For those members of our community who are hearing impaired, I have provided a written transcript of this video below.
Adam Pick: Today, I’m thrilled to be with Dr. Ricardo Lazala of the Mount Sinai Medical Center. We’re having a conversation about some incredible medical missions that have been going on in the Dominican Republic.
Dr. Ricardo Lazala: My name is Dr. Ricardo Lazala. I am the senior clinical director and assistant professor of cardiothoracic surgery at Mount Sinai Hospital. For this mission, I am the medical clinical coordinator. We have two reasons to work directly in Dominican Republic. The first reason is it’s a clinical condition because of the high incidence of rheumatic fever. The second reason is because the Dominican Republic is a developing country and these patients have limited access to the healthcare system. My responsibility is to oversee the relationship between Mount Sinai Hospital and Plaza de la Salud.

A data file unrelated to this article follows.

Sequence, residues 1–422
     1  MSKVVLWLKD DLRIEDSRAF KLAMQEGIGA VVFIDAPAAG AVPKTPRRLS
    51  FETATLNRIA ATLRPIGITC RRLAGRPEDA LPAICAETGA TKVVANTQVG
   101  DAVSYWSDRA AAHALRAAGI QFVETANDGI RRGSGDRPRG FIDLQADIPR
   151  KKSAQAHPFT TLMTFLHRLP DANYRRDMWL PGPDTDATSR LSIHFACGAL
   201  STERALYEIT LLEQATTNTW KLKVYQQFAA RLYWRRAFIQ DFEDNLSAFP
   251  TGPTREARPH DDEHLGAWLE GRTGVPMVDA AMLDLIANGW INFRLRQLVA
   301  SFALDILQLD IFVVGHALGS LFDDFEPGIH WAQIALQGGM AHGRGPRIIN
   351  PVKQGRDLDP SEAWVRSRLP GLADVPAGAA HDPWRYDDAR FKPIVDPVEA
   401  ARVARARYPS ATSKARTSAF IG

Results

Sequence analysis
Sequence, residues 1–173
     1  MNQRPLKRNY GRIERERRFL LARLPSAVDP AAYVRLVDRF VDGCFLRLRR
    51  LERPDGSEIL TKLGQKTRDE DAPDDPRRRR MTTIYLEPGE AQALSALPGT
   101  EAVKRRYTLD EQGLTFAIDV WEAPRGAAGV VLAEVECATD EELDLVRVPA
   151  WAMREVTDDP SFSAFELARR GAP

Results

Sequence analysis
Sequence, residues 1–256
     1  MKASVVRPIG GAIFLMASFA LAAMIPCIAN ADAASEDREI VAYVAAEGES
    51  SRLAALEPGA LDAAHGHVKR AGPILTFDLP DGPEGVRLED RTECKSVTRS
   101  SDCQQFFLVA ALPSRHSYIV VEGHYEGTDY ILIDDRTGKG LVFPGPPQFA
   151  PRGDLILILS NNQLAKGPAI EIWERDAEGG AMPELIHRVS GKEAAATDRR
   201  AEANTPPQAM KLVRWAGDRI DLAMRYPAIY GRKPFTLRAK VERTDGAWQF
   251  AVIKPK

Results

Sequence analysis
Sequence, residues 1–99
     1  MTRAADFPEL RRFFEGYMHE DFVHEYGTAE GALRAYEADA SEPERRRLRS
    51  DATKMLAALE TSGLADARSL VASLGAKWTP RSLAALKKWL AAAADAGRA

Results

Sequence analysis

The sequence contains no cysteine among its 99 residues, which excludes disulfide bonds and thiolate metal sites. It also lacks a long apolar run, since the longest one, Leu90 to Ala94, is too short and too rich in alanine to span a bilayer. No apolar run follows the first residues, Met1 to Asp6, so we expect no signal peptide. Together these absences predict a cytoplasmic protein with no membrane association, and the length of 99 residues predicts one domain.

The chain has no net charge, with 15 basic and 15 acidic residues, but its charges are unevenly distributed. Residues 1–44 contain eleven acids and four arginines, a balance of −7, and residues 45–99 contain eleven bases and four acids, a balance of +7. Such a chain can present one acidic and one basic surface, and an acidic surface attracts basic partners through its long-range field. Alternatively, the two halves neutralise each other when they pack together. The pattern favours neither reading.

Dr. David Adams: We are trying to develop reference centers for mitral valve disease treatment in other areas around the world. We have a very important friendship and relationship with this hospital. So, I’ve come down with a lot of team members. We’ve been operating with the excellent team here in trying to broaden our horizons a bit in terms of mitral valve repair.
Dr. Miguel Guerrero: We are planning to build a special mitral valve repair program that is headed by Dr. Adams and Mount Sinai Hospital. The plan of the hospital to make us a point of reference, in the national situation and international landscape.
Dr. Federico Milla: This is our third mission here to the Dominican Republic. We came down for the first time about a year and a half ago. We did surgery on two patients who had rheumatic disease. We were able to repair both of those patients’ valves.
Dr. Ricardo Lazala: You need a lot of resources. Every mission is different. It’s a combination of a lot of factors; instruments, equipment, and staff. It’s effort and dedication of a lot of people and technology in order to perform that complex surgery in the Dominican Republic.